Detective Linden discovers a casino across the water that contains the same logo that was on Rosie’s keychain. Detectives discover video footage of a dressed-up Rosie using the casino’s ATM, where she was making unusually large cash deposits. From Rosie’s computer, detectives learn that Rosie was working at an escort service called Beau Soleil. Holder pretends to be a client in order to get information from one of the escort girls who wrote on the company’s message board about a customer named Orpheus, who asked her if she knew what it felt like to drown. Through an anonymous email, Linden sends various threats to Orpheus’s account in hopes to get a response. She goes to visit Richmond at his home and learns that Orpheus read the email but didn’t respond; Linden’s coworker sends the email again, and Linden hears the message being sent to Richmond’s computer; Richmond is Orpheus.
In the season 1 finale, Holder and Linden work to break Richmond’s alibi before they make an arrest. They retrace Richmond’s potential driving routes the night of Rosie’s murder, and discover another piece of evidence in the woods, while Gwen, Richmond’s girlfriend and co-worker, reveals to Linden photos of Richmond meeting and interacting with Rosie, while Gwen also admits to Richmond returning home late that night soaking wet.
Still, detectives don’t have enough to arrest Richmond until Holder brings in photo stills of Richmond in his car from bridge footage. They arrest Richmond at one of his campaign rallies. Linden, thinking the case is finally solved, gets on a plane with her son Jack, presumably to finally meet her fiancé. On the plane, however, she receives a call that the bridge’s cameras were not working that night, hence there’s no way the photo stills of Richmond were real. The episode closes with Holder getting into a car with an unseen person, telling them the photo trick worked, while amid a crowd of onlookers, Belko raises his gun to shoot Richmond as he’s being taken away.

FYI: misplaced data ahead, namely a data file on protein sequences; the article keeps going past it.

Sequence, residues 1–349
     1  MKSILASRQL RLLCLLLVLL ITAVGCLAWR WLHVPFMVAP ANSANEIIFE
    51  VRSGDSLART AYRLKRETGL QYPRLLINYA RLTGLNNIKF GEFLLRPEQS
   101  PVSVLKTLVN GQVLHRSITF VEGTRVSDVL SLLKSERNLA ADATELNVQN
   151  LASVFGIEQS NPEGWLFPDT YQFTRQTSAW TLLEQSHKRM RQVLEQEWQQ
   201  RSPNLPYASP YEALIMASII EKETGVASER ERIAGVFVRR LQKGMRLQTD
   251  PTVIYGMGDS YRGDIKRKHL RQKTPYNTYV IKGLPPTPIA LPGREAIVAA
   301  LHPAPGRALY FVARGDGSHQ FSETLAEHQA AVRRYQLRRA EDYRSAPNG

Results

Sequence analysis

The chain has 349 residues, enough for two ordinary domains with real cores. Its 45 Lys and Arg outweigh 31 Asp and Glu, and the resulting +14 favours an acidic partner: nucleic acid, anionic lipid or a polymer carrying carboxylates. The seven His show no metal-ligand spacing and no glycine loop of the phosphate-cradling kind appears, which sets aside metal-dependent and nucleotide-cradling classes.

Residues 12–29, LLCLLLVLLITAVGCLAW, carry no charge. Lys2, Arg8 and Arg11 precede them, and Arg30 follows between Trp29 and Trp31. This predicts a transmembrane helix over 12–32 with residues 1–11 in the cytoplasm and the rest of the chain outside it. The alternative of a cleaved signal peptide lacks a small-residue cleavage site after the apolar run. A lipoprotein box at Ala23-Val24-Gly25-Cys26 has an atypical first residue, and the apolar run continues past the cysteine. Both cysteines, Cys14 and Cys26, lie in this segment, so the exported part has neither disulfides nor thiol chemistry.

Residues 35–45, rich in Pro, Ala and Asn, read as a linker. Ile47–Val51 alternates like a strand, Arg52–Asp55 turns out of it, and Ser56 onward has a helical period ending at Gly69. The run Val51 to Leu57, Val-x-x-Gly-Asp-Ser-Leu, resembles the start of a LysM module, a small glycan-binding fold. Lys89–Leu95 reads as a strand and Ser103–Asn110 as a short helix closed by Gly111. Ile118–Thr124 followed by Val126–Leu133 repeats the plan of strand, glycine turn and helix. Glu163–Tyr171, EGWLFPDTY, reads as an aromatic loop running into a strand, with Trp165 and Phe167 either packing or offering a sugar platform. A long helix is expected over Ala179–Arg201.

So, it’s clear that “The Killing” is going to take fans in circles regarding suspects. First Richmond was suspected, cleared and then suspected again. We still don’t know all of Terry and Belko’s past, nor are we given much insight into Sterling, Rosie’s best friend. As a main character in the show, it’s safe to assume Linden will come back in order to solve the case justly, while in the season finale we see that Holder may indeed be corrupt or working with someone on the side.
Of course fans of the show are a bit upset, as AMC gave viewers hints that by the end of the season, the case would be resolved, or at the very least provide a shocking cliffhanger. However, it seems fans were more shocked with the revelation of Richmond as Orpheus than by the season 1 finale. It seems that due to positive reviews, the network is going to stretch the show out for another season, hopefully this time with less filler (towards the end of the season it seemed they killed time by extending “emotional” scenes with characters when clearly emotions about Rosie’s death had been already established- not to mention that episode that focused purely on Jack being missing- a definite time-waster).
Overall, the show works because it is appropriately paced. It attempts to focus on all the characters evenly within each episode, keeping us curious and suspicious of even the seemingly innocent. Still, assuming the network is keeping the show running as long as Rosie’s murder is unsolved, viewers can then assume that either councilman Richmond is innocent, or he is covering for someone.